Margaret Brent emigrated to Maryland at the age of 37.  She never married, thus becoming a thriving businesswoman and landowner.   Upon the death of Governor Calvert, the Proprietor of Maryland, Margaret–not her brother Giles–was named executor of his affairs and charged with handling his debts, including those to soldiers under his command.

   She went to the General Assembly, knowing that they wished to repeal the tobacco tax, probably hoping that with her vote and voice she could convince the colony to pay the soldiers who protected them with the tobacco tax.  When she was denied a vote, she publicly protested all proceedings that took place.

 Came Mrs Margarett Brent and requested to have vote in the
howse for her selfe and voyce allso for that att the last Court
3d Jan: it was ordered that the said Mrs Brent was to be lookd
uppon and received as his Lps Attorney. The Gour denyed
that the sd Mrs Brent should have any uote in the howse. And
the sd Mrs Brent protested agst all proceedings in this pfit
Assembly, unlesse shee may be pnt. and have vote as aforesd

  Using her authority as the executor for Governor Calvert, Margaret then made a bold move: she began selling off cattle to pay the soldiers and prevent an uprising.  Lord Baltimore objected, but the General Assembly stuck up for her and wrote this letter as commendation:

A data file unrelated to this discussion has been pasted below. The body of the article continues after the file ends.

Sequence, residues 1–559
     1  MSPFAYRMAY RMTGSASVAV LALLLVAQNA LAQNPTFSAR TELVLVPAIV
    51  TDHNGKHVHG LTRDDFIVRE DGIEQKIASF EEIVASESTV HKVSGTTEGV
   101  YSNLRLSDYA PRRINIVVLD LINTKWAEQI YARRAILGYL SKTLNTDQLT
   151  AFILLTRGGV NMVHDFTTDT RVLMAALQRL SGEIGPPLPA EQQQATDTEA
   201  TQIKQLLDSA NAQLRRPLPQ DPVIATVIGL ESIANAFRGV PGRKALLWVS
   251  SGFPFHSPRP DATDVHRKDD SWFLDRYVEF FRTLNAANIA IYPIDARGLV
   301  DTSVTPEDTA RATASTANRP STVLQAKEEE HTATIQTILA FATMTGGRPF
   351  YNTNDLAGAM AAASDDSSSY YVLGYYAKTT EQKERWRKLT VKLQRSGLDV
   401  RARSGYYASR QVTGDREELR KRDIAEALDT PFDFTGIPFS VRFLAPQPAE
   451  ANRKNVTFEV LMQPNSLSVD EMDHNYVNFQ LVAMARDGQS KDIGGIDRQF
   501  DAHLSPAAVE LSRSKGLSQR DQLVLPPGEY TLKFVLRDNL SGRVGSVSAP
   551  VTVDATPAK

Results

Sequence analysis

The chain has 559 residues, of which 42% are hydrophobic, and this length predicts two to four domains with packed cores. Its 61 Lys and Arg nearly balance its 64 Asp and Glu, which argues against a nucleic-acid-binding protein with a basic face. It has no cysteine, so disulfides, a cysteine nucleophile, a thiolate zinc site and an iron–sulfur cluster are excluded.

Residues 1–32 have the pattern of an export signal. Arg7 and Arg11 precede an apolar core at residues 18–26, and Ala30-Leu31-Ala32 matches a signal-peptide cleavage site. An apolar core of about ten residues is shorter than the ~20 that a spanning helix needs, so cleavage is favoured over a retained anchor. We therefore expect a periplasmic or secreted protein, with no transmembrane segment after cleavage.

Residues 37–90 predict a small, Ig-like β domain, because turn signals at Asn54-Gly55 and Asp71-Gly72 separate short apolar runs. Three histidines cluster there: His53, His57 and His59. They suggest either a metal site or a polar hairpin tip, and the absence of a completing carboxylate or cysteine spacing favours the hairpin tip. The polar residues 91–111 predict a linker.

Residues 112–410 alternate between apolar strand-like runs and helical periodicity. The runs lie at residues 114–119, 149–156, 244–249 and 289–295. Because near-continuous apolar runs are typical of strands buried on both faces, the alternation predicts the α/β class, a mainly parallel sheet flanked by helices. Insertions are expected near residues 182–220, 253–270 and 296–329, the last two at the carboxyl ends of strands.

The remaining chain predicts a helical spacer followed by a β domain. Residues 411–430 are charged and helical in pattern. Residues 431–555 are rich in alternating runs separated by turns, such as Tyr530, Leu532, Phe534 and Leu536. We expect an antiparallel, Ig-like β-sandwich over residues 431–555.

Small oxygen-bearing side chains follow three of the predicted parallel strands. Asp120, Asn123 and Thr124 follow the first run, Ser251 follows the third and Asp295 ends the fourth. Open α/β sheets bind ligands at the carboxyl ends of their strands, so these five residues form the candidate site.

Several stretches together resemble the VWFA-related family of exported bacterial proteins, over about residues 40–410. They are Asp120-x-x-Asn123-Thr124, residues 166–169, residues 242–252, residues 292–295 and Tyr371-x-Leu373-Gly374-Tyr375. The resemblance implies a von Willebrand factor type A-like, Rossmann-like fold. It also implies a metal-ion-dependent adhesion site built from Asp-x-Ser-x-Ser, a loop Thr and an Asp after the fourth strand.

We do Verily Believe and in Conscience report that it was better for the Collonys safety at that time in her hands than in any mans else in the whole Province… for the Soldiers would never have treated any other with that Civility and respect and though they were even ready at several times to run into mutiny yet she still pacified them… She rather deserved favour and thanks from your Honour for her so much Concurring to the publick safety then to be justly liable to… bitter invectives.

  Historians speculate that Lord Baltimore never forgave her over the cattle, and thus she moved to Virginia,  She acquired a large tract of land in Virginia, which she named “Peace” and lived there until her death in 1671.